167) American Kidney Foundation & Vascular Access

September 20, 2007

Madison Hotel, DC:
Breakfast is French toast with some sort of flaky stuff stuck to it… and it tastes thickly okay. Mostly I like the link sausage and bacon and coffee. It seems very luxurious to walk into a dining room and get your coffee and take a sip of the hot liquid and then mosey on over to a hotel pan of hot sausage and bacon steaming a welcoming aroma at you. What a way to live. I wistfully wish I was barefoot on this maroon ornate rug with my plate of sausage and my steaming hot coffee… and, yes… the Washington Post. I’ve been reading this paper for a few days now and I like it better than the Statesman. Duh.

We DPC's say “Hi” to each other, share breakfast tidbits of information, and slowly drift into the meeting room. Today there are more educational lectures and then more hill visits for the people who were on dialysis yesterday. And there is dialysis for us who visited the hill yesterday.

We start with Phyllis describing the work of the American Kidney Foundation, an incredibly motivated and effective group that collects money for dialysis patients who are not covered by insurance or by Medicare. These people do exist and they get help from AKF (...watch for more info here about AKF from Phyllis’ talk)

Next a person whose voice sounded unnerving to me (in a shrill, birdlike way) talked about secondary hyperthyroidism and it was nearly impossible for me to get much out of it since I wouldn’t move away from my judgments about her voice. Her shtick was cutsey and had lots of laminated props for people to hold and use. However, she had an informative folder of information so all was not lost for me. I’m sure others in the group thought she was fine… I am just too old and grouchy and anti-cutesy I think.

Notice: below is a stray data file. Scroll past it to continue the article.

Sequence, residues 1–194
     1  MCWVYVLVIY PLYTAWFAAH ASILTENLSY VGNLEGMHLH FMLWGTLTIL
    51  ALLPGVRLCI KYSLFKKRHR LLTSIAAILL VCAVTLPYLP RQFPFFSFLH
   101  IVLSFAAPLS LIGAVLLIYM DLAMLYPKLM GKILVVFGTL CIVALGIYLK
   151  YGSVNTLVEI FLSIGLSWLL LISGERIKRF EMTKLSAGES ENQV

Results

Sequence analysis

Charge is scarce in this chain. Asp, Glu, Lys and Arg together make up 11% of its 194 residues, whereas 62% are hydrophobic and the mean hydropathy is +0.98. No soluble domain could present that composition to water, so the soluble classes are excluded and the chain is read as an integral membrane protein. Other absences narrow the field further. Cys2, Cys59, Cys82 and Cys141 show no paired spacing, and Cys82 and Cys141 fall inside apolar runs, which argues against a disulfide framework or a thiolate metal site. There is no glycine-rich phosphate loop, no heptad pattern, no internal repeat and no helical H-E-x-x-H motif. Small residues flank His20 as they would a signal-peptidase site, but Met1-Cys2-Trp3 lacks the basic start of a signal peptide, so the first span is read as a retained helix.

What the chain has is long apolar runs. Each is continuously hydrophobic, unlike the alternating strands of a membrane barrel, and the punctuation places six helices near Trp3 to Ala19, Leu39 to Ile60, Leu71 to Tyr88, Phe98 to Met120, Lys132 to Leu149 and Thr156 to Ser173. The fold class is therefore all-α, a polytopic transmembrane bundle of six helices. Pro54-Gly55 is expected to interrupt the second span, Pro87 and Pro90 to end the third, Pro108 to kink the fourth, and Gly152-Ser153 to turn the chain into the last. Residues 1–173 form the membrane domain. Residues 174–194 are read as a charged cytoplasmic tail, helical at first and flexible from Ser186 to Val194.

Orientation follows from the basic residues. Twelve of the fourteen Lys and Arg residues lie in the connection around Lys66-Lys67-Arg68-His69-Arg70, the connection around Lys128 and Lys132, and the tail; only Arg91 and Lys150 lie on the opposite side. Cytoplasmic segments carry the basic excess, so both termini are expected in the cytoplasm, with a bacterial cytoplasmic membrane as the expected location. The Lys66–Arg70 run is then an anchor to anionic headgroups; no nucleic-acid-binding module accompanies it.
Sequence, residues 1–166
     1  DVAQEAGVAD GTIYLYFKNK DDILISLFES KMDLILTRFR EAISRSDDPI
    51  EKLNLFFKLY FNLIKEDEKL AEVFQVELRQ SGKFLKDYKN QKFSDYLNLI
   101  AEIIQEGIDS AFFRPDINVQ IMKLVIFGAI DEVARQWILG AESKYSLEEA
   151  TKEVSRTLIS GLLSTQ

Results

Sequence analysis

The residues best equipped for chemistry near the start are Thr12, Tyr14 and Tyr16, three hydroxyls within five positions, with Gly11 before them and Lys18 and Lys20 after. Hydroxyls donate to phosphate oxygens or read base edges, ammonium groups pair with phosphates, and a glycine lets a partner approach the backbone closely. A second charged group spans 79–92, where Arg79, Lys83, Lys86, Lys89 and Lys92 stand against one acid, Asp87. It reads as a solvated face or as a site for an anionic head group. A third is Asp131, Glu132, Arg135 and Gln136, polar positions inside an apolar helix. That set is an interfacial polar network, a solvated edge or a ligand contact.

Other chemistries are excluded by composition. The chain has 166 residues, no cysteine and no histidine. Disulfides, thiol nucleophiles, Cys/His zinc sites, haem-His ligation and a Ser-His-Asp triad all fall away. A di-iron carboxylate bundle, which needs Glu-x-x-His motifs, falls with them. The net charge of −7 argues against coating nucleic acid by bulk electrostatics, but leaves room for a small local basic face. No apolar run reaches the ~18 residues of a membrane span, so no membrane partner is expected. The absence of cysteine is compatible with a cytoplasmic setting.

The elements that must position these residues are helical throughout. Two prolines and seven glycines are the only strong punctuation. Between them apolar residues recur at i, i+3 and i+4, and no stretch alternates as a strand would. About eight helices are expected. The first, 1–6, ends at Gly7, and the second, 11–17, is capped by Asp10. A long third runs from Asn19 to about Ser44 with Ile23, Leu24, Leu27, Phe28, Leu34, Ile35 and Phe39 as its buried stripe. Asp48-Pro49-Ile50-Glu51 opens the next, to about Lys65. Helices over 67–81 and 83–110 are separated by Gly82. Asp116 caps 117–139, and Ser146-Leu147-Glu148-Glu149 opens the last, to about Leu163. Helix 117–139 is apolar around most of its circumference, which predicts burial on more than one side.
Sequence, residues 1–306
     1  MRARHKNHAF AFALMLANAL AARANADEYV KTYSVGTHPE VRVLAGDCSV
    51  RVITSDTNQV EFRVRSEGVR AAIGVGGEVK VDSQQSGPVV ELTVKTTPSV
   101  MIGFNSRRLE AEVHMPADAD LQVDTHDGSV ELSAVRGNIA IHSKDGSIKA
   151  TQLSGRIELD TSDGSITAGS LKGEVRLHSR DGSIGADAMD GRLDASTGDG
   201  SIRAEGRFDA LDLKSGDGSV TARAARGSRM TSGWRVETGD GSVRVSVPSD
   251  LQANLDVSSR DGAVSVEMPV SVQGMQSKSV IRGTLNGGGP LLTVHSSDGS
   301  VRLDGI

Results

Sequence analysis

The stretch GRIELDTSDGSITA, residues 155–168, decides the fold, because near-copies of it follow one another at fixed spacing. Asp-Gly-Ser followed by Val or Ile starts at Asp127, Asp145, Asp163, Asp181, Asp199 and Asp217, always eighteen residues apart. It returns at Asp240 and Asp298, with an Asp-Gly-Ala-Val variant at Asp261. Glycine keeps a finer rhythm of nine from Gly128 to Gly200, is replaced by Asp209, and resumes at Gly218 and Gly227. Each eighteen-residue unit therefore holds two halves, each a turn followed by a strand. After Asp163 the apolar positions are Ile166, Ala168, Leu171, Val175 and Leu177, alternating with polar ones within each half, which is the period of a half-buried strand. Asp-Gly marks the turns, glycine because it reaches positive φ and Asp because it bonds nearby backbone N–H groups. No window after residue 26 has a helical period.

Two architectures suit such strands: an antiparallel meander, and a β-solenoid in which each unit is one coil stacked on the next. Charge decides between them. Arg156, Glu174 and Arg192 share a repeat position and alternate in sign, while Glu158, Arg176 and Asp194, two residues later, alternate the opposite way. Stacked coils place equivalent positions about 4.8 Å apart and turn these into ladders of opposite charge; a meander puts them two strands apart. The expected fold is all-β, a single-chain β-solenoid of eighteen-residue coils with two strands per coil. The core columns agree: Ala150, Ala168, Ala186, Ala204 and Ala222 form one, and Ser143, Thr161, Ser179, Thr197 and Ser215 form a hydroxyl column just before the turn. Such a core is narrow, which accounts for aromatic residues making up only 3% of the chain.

After Ms Cutesy we got to hear Dr. Mahoney discuss vascular access and I learned some new things from this guy. He reminded us that catheters for access are EVIL; AV Grafts ain’t so hots (cause dey gots da clots)*; and, of course, AV Fistulas like mine are the state of the art. According to the doc, right now only 65% of dialysis patients have AV Fistulas and DC is dead last in the country for reasons that aren’t quite clear (to him). To keep watch over your AV Fistula, Mahoney suggests:

  1. Protect your fistula arm.
  2. Never allow a PICC line placed in your fistula.
  3. If you need a PICC line ask for a “right side central access line” which goes in the jugular vein.
  4. Get familiar with your venous pressure; it should be ½ the blood flow rate.
  5. Long bleeding after dialysis usually means problems with the fistula (blood flows where there is least resistance and when that means out the stick hole, there’s blocking somewhere).
  6. Seek a fistula evaluation when there is prolonged bleeding, worse Kt/V, lower blood flow rate for a period of time, hard cannulations, swelling of the fistula, or a strong pulse in the fistula.
  7. The easiest and safest way to clean out a blocked fistula is with an angioplasty (in and out in one day).
  8. When you hold your arm straight up, the fistula should drain and deflate (shows easy blood flow back into body).**

What great information, huh? Afterwards, Mahoney checked out a number of our fistulas and said mine was “okey dokey”.

* Mahoney on AV Grafts: Watch your BP. If it goes below 80 that’ll lead to clotting.

** Mahoney, D. Vascular Access. Lecture presented at the DaVita Patient Citizens Capitol Hill Advocacy Day Meeting. Washington, DC.

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